“He was really angry that he saw what was happening with regard to the Civil War,” President Donald Trump said earlier this week of his distant predecessor in the White House, Andrew Jackson.
Not surprisingly, Trump’s off-the-cuff speculation that Jackson’s skill in making political deals could have averted the war that took more than 600,000 lives generated immediate criticism. Some of the critics even implied that Trump was not even aware that Jackson had died 16 years before the first shots were fired in the War Between the States.
While Trump can certainly make some controversial remarks at times, this particular criticism says more about the critics’ efforts to find something to ridicule about the president than anything else. Clearly, Trump was not saying that Jackson was president on the eve of the war. Rather, his point was that a more skillful politician such as Jackson could have struck a compromise to avoid the war — unlike the politicians in office at the time of the war.
“I mean, had Andrew Jackson been a little later, you wouldn’t have had the Civil War,” Trump said Tuesday, expanding on his thesis. “He was a very tough person, but he had a big heart, and he was really angry that he saw what was happening with regard to the Civil War. He said, ‘There’s no reason for this.’ People don’t realize, you know, the Civil War, you think about it, why? People don’t ask that question. But why was there the Civil War? Why could that one not have been worked out?”
Naturally, the media ran to some historians who would obligingly criticize Trump’s alleged lack of understanding about American history.
For example, Kevin Kruse, a liberal professor at Princeton, jumped at the chance to challenge the president's speculation, asserting,
First of all, historians have actually talked about the reasons for the Civil War quite a bit. Second, there’s an overwhelming consensus among historians that the Civil War came about because of slavery. Simply put, the war came because the Southern states seceded, and they seceded — as they quite clearly said themselves at the time, over and over again — because of slavery.
Another liberal professor, Jon Meacham, who authored American Lion: Andrew Jackson in the White House, even stated on MSNBC’s Morning Joe Tuesday that Trump’s comments are just “a projection of the president’s fundamental and enveloping narcissism.”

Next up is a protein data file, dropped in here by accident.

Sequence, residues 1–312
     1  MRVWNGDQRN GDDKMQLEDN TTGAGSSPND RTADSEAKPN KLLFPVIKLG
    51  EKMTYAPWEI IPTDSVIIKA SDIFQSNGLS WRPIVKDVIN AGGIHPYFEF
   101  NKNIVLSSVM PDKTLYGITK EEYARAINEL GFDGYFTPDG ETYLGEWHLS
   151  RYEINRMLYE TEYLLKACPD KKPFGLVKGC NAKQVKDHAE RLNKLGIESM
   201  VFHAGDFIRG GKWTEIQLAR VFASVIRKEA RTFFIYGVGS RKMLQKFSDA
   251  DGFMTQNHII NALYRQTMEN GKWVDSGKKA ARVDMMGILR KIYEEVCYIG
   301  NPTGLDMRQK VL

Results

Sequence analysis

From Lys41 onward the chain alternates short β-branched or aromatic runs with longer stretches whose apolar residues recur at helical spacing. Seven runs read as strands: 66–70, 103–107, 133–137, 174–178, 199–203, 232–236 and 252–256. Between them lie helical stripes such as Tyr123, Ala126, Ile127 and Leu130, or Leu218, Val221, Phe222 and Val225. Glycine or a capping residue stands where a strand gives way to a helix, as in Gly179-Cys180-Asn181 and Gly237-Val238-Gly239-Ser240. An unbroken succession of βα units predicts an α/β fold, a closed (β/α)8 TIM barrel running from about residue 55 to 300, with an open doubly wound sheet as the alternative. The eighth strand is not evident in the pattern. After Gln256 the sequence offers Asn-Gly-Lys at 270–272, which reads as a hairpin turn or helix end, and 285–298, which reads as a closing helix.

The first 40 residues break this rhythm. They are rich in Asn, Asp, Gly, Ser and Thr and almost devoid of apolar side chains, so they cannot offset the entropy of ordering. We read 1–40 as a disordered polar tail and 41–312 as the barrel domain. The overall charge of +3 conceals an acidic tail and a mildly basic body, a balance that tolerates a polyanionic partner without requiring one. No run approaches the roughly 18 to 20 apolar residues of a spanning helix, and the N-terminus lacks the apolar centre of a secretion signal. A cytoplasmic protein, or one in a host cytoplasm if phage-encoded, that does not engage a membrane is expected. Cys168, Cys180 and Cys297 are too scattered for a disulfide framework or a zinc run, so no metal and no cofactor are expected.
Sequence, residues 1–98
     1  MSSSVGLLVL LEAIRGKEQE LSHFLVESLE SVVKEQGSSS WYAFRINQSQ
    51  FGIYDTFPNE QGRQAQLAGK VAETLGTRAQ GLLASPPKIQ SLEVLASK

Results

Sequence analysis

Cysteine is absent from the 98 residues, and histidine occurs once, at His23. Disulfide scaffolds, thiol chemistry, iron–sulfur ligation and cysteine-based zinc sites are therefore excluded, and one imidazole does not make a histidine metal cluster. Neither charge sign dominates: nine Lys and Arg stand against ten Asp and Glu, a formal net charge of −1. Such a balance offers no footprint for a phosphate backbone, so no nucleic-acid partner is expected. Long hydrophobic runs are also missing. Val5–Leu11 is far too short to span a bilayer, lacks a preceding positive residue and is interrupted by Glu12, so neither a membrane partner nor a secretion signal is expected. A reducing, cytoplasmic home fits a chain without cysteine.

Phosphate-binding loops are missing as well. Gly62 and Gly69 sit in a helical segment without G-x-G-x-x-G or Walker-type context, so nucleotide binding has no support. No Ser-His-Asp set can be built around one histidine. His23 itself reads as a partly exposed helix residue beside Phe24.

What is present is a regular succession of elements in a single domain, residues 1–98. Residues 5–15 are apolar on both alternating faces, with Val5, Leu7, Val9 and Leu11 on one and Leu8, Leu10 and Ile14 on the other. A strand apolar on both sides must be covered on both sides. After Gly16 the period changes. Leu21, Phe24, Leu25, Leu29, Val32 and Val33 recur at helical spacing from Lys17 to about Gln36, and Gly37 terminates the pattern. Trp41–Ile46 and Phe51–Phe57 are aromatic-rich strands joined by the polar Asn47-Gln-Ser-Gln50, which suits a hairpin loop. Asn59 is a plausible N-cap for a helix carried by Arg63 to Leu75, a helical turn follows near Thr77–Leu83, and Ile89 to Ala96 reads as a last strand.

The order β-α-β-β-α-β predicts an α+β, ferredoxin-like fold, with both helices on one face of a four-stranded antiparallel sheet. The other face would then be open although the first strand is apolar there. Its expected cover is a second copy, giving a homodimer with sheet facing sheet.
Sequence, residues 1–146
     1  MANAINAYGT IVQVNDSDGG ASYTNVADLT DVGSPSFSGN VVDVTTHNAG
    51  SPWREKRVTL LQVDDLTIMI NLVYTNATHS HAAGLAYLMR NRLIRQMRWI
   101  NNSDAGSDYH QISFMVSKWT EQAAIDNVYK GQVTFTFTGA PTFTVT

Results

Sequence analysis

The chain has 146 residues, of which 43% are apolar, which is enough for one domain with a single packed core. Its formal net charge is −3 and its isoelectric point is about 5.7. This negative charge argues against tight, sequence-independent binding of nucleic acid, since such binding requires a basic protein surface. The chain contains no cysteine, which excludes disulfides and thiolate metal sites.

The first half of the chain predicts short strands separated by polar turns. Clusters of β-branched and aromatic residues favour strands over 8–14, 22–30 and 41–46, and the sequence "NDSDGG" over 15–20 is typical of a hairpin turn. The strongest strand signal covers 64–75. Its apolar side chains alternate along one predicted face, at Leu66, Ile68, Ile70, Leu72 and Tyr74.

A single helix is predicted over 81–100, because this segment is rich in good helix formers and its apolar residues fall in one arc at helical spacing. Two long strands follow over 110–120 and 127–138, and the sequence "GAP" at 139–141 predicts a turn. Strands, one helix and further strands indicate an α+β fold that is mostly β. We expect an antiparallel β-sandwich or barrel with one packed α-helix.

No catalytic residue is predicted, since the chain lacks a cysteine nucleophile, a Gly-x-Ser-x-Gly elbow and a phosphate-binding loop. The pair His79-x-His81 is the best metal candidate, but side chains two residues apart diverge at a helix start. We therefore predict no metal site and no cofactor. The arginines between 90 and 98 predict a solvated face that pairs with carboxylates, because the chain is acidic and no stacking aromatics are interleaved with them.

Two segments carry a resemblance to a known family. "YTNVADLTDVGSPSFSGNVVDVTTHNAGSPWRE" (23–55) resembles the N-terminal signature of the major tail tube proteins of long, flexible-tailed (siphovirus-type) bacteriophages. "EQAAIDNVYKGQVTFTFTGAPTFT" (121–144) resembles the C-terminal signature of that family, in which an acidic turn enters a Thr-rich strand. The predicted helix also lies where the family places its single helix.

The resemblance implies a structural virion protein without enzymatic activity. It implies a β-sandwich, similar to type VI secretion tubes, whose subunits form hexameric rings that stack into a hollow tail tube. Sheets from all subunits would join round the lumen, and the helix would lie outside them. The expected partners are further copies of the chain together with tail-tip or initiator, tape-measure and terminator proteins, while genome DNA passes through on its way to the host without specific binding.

Speaking on CNN, commentator Tara Setmayer was particularly harsh, declaring, “Why can’t you guys just stop and say what the president said was stupid?”
But was he stupid?
First of all, we should understand that Meacham and Kruse are not simply disinterested “scholars” who are looking at Trump’s speculation objectively. Meacham is not above a little bit of “speculation” of his own. For example, in his book Thomas Jefferson, The Art of Power, Meacham is so determined to prove Jefferson fathered children by his slave Sally Hemings that he wrote that he “suspects” that Jefferson was “in his imagination” thinking of Sally when he saw the painting of Abraham and his servant woman Hagar during his visit to Dusseldorf while in Europe. In another place, Meacham asserted, with no evidence, “In this tempestuous time, Jefferson apparently began a sexual relationship” with her.
This is what passes for “scholarly analysis” among some left-wing historians. For those who dared to deny the Jefferson-Hemings Thesis, Meacham basically dismissed them as racists, labelling the supposed liaison as one “long denied by mainstream white historians.”
And what is the background of Kruse, the Princeton historian who dismissed Trump’s speculations concerning what Jackson could have done about the Civil War? Not surprisingly, Kruse is a strong opponent of conservative politics. In his book One Nation Under God, Kruse asserts that “Christian America” is an invention of corporate interests in the 1930s. According to Kruse, these titans of industry created the “religious right” as a part of an alliance of money, religion, and politics, which has caused the modern divisions of American politics.
In another book of his, White Flight, Kruse argues that modern conservativism had its roots in the white resistance to segregation, which helped spawn, among other things, the tax revolt.
It is fair to say that both of these historians are on the liberal side of the political spectrum, yet the liberal media offers them up as objective analysts of the veracity of Trump’s comments about the Civil War and Andrew Jackson.
Having said all that, are Trump’s speculations actually that far outside the mainstream of what professional historians have to say? And was the CNN commentator right to declare that Trump’s assertions are just “stupid"?